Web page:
In South East England, bordering London, is the attractive county of Buckinghamshire, named after Bucca, an Anglo-Saxon landowner. The newly released colour tithe maps of Buckinghamshire, that now compliment the tithe records on TheGenealogist, allow us explore the landscape of this area in Victorian times and look for the plots of land owned or occupied by ancestors from all levels of society at the time of the survey. The original records were compiled between 1836 and the 1850s with some later altered apportionments being made when property was sold, or the way that the land was divided up required the change to be recorded.
Buckinghamshire is not short of country houses and it was the 19th century home of the D’Israeli family. Writer and scholar, Isaac D’Israeli leased the impressive red brick manor house known as Bradenham Manor as his home in the 1800s. When Isaac died of influenza in 1848 at the manor house he was buried in the local churchyard. While he had been brought up as a Jew and had not converted to Christianity, he did have his children baptised as Christians. This included his son Benjamin, who would go on to become the British Prime Minister in 1868, and with his siblings would have spent some of his early life at Bradenham Manor. The manor house and estate is one we can discover in the tithe records for Buckinghamshire and therefore also on the newly released colour maps.
Consulting the tithe apportionment book, dated the 26th May 1846, we can see Isaac was the occupier while the Trustees of the late John Hicks Esq are recorded as the landowner.
This manor had once been, in the 13th century, a property that belonged to the Earl of Warwick. In 1566 it had seen a visit from Queen Elizabeth I when she was entertained here by the 3rd Baron Windsor. The present manor house owes its construction to the 17th century period and features red brick walls, tall windows and steep roofs topped off by slender chimneys. Bradenham Manor is currently owned by the National Trust who lease it to Grant Thornton UK LLP as the firm's National Training Centre. While the house is not open to the public, its gardens are and can therefore be visited.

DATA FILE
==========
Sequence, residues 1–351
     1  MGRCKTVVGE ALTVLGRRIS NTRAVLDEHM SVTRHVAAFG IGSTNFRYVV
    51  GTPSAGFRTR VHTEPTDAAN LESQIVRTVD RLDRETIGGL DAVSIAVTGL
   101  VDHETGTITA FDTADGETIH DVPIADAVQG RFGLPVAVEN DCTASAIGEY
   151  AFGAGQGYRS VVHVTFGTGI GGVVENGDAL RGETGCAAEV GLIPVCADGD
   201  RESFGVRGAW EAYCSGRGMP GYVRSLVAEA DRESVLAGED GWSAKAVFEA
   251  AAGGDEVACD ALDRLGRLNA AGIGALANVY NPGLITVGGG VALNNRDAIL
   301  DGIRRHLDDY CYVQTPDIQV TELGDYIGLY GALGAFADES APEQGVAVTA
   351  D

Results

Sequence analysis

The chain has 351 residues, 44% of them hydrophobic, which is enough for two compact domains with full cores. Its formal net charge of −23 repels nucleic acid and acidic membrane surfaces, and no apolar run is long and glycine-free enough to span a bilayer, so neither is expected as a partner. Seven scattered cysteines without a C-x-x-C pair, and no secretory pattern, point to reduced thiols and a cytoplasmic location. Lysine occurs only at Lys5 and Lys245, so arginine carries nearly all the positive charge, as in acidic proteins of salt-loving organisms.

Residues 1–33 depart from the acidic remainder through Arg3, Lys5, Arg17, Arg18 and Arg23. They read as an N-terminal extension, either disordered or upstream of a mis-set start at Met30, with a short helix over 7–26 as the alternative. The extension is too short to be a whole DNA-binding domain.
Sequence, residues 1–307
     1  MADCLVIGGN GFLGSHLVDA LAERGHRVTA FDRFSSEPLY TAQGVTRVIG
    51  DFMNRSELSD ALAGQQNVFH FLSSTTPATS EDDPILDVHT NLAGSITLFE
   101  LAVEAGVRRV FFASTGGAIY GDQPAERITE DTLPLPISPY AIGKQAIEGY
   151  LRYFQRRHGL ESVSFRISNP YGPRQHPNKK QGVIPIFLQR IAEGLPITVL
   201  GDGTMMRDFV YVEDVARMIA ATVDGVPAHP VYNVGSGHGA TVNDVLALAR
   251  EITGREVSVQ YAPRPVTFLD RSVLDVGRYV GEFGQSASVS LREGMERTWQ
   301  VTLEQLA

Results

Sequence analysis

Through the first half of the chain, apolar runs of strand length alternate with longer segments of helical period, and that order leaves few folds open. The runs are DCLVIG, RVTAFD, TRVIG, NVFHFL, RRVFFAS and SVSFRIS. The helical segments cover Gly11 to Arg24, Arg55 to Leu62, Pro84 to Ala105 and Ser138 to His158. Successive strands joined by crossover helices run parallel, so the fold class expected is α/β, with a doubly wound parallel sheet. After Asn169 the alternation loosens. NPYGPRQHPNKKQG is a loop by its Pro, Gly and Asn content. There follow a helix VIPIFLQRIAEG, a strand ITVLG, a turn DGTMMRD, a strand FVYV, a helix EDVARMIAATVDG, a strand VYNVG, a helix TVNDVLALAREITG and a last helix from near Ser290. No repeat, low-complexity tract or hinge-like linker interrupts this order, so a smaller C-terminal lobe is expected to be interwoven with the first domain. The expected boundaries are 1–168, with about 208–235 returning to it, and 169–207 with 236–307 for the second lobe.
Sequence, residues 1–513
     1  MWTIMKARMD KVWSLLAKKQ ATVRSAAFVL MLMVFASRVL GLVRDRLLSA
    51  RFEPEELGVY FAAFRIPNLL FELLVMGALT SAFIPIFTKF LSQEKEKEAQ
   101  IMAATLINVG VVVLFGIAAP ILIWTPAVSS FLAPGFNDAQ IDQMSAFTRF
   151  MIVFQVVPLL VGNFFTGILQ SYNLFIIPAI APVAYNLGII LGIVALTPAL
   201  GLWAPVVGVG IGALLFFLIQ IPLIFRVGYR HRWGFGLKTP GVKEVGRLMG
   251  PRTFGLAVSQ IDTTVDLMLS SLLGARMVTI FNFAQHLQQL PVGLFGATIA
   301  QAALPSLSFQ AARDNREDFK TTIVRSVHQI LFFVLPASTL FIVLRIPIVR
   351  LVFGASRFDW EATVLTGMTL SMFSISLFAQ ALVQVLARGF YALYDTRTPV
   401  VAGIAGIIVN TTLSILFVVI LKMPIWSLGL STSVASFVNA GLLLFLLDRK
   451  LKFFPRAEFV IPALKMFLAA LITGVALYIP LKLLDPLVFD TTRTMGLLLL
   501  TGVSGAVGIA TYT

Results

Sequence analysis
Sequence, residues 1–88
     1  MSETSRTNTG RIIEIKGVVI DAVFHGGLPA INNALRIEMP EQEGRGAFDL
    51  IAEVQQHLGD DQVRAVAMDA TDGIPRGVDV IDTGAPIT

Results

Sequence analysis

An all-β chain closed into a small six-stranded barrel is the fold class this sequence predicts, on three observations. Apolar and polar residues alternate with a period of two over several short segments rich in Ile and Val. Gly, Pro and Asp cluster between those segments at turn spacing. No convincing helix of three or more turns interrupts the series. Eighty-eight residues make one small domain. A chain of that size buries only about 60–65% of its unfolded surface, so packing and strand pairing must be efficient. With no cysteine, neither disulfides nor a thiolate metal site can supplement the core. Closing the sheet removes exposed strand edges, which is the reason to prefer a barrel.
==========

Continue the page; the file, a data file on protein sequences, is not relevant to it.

Four miles away from Benjamin Disraeli’s childhood home at Bradenham can be found another National Trust property: Hughenden Manor. This red brick mansion was built in Victorian times and became the country house of the Prime Minister. As the leader of the Conservative party it was essential at the time that his family became country estate landowners. The manor itself has a long history and had been in existence from before 1086. Formerly part of land belonging to Queen Edith, the Queen consort of Edward the Confessor it was then held by William son of Oger, the Bishop of Bayeux. Hughenden Manor would pass through a number of hands over the years until it was purchased from the executors of a distinguished antiquary and scholar named John Norris. The buyer was the MP's father Isaac D'Israeli who, we have seen, rented nearby Bradenham Manor. He bought Hughenden about a year before his death in 1848 and the estate then passed to his son who, in 1876, was created Viscount Hughenden of Hughenden and Earl of Beaconsfield. By the time Benjamin Disraeli inherited the manor house in 1848, it had become a stuccoed Georgian building extended out from the original medieval property. Disraeli, however, had it completely remodelled between 1860 and 1863 by Edward Buckton Lamb and this is the house that we see today. It is now in the ownership of The National Trust and open to the public.